Cadets listen as Republican presidential candidate, former Massachusetts Gov. Mitt Romney delivers a foreign policy speech at the Virginia Military Institute on October 8, 2012 in Lexington. (Photo by Justin Sullivan/Getty Images)
The head of the embattled Virginia Military Institute told a state oversight body Tuesday that there will be “zero tolerance for any more acts of racism and sexism” at the public military school in Lexington.
“I’ve had an opportunity through about 25 hours worth of listening sessions to form my own assessment about the climate and culture at VMI,” Maj. Gen. Cedric Wins, VMI’s superintendent, told the State Council of Higher Education for Virginia. “I spoke to the corps of cadets and let them know where I stood.”
Wins’ remarks to the council, Virginia’s coordinating body for higher education, came a little more than a month after a state-commissioned report concluded the school had long tolerated racism and sexism and just a day after a Washington Post story described an atmosphere of misogyny and reluctance among female cadets to report sexual assault.
Wins laid out VMI’s “Unifying Action Plan,” which he said intends to “advance the VMI experience, traditions and culture, to be more positive and honorable for all VMI’s cadets, faculty, staff, alumni, parents and friends.” The plan has five goals: rehabilitating the “VMI brand,” increasing diversity and inclusion, producing cadets who are “committed to honor,” reinforcing a nature of healthy competition on campus, and cultivating a culture of “one VMI.”
“If we can arrive at these outcomes in one to five years, I think we will have advanced well beyond a lot of the things that have been identified in the Barnes & Thornburg report and highlighted in the Washington Post,” Wins said.
Wins said VMI is reviewing it’s honor system, its monuments and naming committee, modernizing the barracks — complete with a security assessment — and hiring a chief diversity officer.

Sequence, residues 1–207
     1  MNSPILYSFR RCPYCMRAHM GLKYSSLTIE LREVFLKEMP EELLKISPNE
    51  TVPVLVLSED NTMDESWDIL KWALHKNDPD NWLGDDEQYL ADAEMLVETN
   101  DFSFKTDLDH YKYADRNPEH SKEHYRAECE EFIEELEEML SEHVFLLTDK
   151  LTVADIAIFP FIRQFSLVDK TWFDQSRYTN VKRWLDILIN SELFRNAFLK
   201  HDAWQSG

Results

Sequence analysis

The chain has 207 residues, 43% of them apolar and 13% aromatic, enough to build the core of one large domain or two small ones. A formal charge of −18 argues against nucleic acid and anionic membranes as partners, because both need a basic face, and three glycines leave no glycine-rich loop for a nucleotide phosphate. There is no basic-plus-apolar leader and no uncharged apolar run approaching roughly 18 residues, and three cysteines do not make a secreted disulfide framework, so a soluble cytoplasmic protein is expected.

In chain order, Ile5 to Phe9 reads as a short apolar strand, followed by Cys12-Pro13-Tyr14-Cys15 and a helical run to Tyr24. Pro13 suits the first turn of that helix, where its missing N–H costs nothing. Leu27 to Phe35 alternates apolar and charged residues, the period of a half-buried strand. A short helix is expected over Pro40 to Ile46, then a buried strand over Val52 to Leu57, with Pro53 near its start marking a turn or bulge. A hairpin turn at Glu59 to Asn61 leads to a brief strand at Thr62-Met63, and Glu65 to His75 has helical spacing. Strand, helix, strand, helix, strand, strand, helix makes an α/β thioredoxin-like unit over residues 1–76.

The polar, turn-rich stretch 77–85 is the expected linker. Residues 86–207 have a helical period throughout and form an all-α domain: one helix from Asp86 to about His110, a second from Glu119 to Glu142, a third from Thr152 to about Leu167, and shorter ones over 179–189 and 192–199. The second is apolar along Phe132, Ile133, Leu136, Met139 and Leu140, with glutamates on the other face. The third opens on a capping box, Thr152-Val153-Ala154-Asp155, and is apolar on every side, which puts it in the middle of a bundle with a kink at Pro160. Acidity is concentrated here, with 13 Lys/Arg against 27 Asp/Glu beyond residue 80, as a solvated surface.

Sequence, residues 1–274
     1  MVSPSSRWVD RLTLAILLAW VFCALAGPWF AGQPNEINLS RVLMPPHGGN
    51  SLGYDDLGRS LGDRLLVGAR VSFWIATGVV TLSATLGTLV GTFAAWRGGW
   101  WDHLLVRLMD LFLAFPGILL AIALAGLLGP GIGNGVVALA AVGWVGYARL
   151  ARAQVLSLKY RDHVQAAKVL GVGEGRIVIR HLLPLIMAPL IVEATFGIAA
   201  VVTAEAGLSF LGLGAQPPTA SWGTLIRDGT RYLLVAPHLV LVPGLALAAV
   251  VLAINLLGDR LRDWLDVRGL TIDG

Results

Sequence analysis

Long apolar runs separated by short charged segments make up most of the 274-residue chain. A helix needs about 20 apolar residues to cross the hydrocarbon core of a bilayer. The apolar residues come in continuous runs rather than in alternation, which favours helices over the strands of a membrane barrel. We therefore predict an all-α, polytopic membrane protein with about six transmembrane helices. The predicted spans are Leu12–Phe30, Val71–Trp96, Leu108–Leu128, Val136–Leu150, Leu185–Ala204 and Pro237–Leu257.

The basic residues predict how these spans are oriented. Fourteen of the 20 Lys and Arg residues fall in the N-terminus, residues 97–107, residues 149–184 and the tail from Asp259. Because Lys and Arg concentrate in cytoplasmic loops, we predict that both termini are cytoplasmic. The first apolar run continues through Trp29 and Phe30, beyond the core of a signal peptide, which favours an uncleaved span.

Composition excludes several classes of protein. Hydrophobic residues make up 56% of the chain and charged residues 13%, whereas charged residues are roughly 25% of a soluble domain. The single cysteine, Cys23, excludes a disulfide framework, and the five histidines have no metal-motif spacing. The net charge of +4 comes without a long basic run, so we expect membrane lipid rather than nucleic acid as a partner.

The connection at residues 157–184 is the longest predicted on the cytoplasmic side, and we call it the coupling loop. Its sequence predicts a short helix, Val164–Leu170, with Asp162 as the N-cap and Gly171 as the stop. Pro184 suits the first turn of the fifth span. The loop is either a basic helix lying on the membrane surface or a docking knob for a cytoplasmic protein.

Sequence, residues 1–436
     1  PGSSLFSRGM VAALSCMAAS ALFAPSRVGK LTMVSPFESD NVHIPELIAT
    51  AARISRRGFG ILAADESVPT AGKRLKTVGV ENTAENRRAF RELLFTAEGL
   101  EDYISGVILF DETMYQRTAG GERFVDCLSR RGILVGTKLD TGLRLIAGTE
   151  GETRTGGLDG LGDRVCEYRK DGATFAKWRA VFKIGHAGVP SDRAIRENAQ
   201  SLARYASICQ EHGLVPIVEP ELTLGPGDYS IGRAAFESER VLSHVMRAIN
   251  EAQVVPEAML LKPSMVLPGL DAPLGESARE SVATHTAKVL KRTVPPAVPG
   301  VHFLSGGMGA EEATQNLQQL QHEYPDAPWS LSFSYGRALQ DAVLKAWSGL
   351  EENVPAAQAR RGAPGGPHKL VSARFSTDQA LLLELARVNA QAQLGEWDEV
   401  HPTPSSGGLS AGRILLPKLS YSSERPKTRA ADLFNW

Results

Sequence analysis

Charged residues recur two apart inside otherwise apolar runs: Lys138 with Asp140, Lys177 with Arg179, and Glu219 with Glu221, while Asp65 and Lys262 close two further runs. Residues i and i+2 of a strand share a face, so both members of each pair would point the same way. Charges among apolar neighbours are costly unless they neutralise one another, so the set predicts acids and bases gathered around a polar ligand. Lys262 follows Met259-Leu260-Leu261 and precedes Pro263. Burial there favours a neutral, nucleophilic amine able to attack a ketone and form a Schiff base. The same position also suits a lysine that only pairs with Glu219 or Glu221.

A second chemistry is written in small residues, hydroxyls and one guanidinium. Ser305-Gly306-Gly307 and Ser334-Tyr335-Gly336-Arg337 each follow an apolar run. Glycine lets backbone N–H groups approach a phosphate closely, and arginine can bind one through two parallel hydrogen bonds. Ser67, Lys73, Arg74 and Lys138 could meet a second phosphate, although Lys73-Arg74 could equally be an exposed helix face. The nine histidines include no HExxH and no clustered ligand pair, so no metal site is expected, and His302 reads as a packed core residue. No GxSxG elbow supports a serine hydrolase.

The board inquired about what the school would do to reform VMI culture, starting with how to contextualize the school’s Confederate history.
“We’ve never made the shift out of the 19th century, and recognizing 19th century leaders that fought in the Civil War and Spanish-American War,” Wins said.
“We never shifted to really put our focus on more modern day leaders and events. We are never going to change the history of America, and we are never going to change the history of the commonwealth. What we can do is put those events in a proper place.”
Asked about reporting in the Post that revealed ugly online backlash concerning the appointment of Kasey Meredith as VMI’s first female leader of the VMI corp of cadets, Wins said: “I don’t like to hear it, but certainly people have the ability to exercise their First Amendment right.”
He added that “there’s no doubt in my mind” that Meredith “was the right person to be the leader of the Corps of Cadets, and I have no doubt that she’ll build the trust and confidence of the cadets as this academic year goes by.”
As far as reported reluctance of female cadets to report sexual assaults, Wins said it’s important for VMI to create an “environment of confidence” for female cadets.
“At some point we’re going to have to take action to remind people that we do have a zero tolerance policy. Our recent title IX inspector general Susan LeMert brings a wealth of experience to the office, and I think that her presence will help create an environment where people who may have experience sexual assault will feel more comfortable to come forward.”
VMI’s next step in the “Unifying Action Plan” is a meeting with Sen. Janet Howell (D – Fairfax), who is proposing cutting funding to VMI until real change is made.
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